Accordingly, there was no abuse of discretion in the judge's determination that the defendant's "motion, arguments, attached submissions, and the record of the trial and motion hearing fall short of meeting even the low threshold for relief under G. L. c. 278A."

3. Conclusion. The order denying the defendant's G. L. c. 278A, § 3, motion is affirmed.

So ordered.


FOOTNOTES

[Note 1] Justice Hines participated in the deliberation on this case prior to her retirement.

[Note 2] The defendant first told police that the drug transaction did not take place because the defendant, the victim, and the cousin had been unable to find the seller, an individual named "Ayah." Thereafter, the defendant said that he led the victim to meet two men, "Quentin" and Ayah, in Massachusetts, and then that the meeting had occurred in Granby, Connecticut. The defendant told police that Quentin and Ayah entered the Corolla in which the victim was sitting, spoke with him, and then shot him. At another point, the defendant said that he, the victim, and the cousin met Ayah and Quentin, and followed them to an abandoned gasoline station in Granby, and then to Southwick. There, Quentin stood behind the Corolla and shot the victim from behind.

[Note 3] General Laws c. 278A, § 3 (b) (5), sets forth the following reasons:

"(i) the requested analysis had not yet been developed at the time of the conviction;

"(ii) the results of the requested analysis were not admissible in the courts of the [C]ommonwealth at the time of the conviction;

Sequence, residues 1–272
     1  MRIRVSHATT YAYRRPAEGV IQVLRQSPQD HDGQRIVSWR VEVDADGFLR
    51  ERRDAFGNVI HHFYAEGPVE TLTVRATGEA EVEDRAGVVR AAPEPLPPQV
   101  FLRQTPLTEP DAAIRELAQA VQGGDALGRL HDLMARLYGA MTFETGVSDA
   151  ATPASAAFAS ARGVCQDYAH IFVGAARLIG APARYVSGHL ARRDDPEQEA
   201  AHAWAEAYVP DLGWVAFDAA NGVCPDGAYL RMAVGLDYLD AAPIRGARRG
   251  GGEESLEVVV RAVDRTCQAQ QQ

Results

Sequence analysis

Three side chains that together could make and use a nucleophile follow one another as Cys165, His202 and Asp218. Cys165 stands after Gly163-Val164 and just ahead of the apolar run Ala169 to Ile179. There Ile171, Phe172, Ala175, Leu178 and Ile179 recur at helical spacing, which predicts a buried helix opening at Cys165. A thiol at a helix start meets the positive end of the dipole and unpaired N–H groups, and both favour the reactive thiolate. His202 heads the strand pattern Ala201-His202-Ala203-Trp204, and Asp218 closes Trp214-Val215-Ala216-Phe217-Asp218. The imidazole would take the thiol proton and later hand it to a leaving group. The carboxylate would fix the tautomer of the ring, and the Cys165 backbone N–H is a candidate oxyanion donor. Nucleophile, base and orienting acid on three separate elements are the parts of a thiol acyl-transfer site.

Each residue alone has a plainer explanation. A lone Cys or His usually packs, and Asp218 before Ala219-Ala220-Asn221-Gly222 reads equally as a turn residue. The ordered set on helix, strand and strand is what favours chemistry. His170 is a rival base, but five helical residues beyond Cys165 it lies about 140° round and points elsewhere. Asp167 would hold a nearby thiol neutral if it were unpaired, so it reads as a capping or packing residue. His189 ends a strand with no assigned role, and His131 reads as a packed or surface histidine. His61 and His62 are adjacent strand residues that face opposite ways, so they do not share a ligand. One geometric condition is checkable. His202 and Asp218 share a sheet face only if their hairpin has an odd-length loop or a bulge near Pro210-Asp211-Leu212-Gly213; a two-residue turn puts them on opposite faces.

"(iii) the moving party and the moving party's attorney were not aware of and did not have reason to be aware of the existence of the evidence or biological material at the time of the underlying case and conviction;

"(iv) the moving party's attorney in the underlying case was aware at the time of the conviction of the existence of the evidence or biological material, the results of the requested analysis were admissible as evidence in courts of the [C]ommonwealth, a reasonably effective attorney would have sought the analysis and either the moving party's attorney failed to seek the analysis or the judge denied the request; or

"(v) the evidence or biological material was otherwise unavailable at the time of the conviction."

[Note 4] The defendant seeks to establish that the below criteria referenced in G. L. c. 278A, § 7 (b) (5), is applicable in this case:

"(iv) the moving party's attorney in the underlying case was aware at the time of the conviction of the existence of the evidence or biological material, the results of the requested analysis were admissible as evidence in courts of the commonwealth, a reasonably effective attorney would have sought the analysis and either the moving party's attorney failed to seek the analysis or the judge denied the request."

G. L. c. 278A, § 3 (b) (5).